Here’s the recipe for Chicken Sausage & Squash Rigatoni:

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Turning Over a New (Fall) Leaf: Quinoa with Squash & Chard

I have a horrible secret. Something almost too awful admit. Something I’m truly ashamed of.

Are you ready to hear this?

(Deep breath) Here goes: I’ve been letting good food go bad. And what’s worse, I’ve been doing it all summer long.

You see, as the weekends roll around and I relax, I have visions of beautiful fresh produce from the farmers’ market and all the mouthwatering dishes I’m going to make. So, with perfectly pure intentions, I grab my canvas tote bag and head over to the local farmers’ market.

While there I oooh and ahhh over the bountiful produce, savor perfectly sweet fruit samples, chat with farmers, drool over the baked goods I don’t dare to buy, purchase produce I can’t resist, and finally end at a catering tent where I convince the chef to make me the freshest and most delicious egg, veggie and ground lamb focaccia sandwich without cheese.

And then I go home, eat my sandwich, and put the fruits, vegetables and herbs away. I usually spend the rest of the weekend running errands, relaxing, and going to dinner with friends and family. Maybe I cook one dish, but it’s okay I think, I’m going to use the produce during the week.

I’m guessing you know what happens next. I make one dish Monday night when I’m still pretty energized, then Tuesday I have a meeting, and Wednesday I meet a friend for dinner, Thursday I eat Monday’s leftovers, and by Friday I’m so exhausted I order Thai food (a rough schedule, but you get the point). Next thing you know, it’s Saturday, I’m back at the market and I’ve let a whole week’s worth of produce go bad. It’s a vicious cycle, and one I’m ashamed of.

Last week was even worse because I was in San Francisco for BlogHer Food (which was SO great, more on that to come soon). When I got home I immediately noticed the week-old vegetables in the fridge starting to look a little sad, although definitely still edible.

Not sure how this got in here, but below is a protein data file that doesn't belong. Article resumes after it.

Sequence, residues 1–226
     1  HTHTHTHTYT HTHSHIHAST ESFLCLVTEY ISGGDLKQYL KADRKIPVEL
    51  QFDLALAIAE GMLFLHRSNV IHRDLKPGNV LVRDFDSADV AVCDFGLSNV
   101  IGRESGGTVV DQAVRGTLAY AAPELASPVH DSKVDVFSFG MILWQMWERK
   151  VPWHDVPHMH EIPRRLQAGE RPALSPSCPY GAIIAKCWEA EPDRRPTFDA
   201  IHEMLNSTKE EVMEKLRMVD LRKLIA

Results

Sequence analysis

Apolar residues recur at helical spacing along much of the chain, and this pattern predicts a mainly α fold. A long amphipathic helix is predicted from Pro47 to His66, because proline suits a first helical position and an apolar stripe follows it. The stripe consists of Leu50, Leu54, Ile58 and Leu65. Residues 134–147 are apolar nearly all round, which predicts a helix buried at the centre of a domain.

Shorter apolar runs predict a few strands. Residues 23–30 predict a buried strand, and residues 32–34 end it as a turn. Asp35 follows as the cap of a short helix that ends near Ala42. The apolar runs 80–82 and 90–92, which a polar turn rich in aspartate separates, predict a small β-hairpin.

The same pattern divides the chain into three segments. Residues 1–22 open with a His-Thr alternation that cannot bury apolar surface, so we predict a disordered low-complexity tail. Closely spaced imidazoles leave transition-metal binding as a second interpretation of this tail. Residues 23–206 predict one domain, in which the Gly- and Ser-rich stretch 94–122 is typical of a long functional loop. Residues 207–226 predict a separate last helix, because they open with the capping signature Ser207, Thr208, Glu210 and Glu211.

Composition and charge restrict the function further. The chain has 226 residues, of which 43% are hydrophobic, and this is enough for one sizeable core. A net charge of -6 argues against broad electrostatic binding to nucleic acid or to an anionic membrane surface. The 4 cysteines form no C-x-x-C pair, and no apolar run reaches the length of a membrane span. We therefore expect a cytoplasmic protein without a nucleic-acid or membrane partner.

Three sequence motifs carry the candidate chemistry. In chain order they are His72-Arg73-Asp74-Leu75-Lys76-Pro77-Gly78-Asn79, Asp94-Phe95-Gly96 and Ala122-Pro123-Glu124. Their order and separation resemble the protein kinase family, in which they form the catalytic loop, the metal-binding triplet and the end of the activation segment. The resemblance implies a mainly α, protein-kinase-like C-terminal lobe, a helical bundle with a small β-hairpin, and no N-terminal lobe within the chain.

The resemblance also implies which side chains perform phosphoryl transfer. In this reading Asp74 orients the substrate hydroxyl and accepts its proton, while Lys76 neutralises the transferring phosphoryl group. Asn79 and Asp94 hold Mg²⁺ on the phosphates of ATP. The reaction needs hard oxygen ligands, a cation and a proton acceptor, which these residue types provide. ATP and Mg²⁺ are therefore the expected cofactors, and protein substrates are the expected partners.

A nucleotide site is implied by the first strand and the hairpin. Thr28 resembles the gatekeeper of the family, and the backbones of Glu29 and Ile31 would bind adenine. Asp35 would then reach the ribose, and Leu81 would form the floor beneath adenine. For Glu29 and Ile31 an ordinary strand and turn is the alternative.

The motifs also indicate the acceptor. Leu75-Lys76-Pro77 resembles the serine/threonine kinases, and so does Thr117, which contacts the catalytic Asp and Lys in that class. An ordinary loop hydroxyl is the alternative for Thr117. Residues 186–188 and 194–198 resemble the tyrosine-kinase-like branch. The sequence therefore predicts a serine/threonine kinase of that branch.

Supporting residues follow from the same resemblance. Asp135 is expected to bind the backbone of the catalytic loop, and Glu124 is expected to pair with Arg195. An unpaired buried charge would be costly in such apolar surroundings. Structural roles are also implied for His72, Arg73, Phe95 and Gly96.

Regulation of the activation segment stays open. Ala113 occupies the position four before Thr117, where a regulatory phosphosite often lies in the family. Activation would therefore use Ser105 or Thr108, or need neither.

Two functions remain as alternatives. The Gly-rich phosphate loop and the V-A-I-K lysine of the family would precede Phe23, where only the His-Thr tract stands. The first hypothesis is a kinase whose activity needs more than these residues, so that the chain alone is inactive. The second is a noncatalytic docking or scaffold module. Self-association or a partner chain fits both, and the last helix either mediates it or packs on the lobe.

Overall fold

This week, I promised myself, things were going to change. And they did.

I rescued the portobello mushrooms, Delicata squash (such a hearty vegetable it wasn’t any worse for the wear), leek and a bunch of on-the-verge rainbow chard, and used them to make a delicious and very nutritious quinoa dish. (And you know how I feel about quinoa, right? Love it!)

This quinoa dish was wonderful and it tasted like fall, really. Plus, it made so much I was able to eat it throughout the week. And the best part? No wasted-food guilt.

Friends, I think this is the start of a new era!

Here’s the recipe for This Feels Like Fall Quinoa:

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Curry-Inspired Turkey Meatloaf

Before I delve into describing this recipe, let me be clear: in no way is this an authentic curry dish (Indian or Thai – both of which I love)! Essentially, it’s a turkey meatloaf, a classic American dish, infused with some of those beautiful exotic flavors: curry powder, coconut milk, ginger, garlic, and… okay, I guess that’s really it, but I promise it’s delicious.

This turkey meatloaf is good for you, offering lean protein and a dose of vegetables with the additions of a red pepper and fresh spinach. I prefer to use lite coconut milk, just be sure to shake the can well before opening. The coconut milk is a great touch, especially for those of use who are lactose intolerant. It also keeps the turkey meatloaf nice and moist – none of those dense loafs for us!

For a new twist on an American favorite, try this recipe for Curry-Inspired Turkey Meatloaf: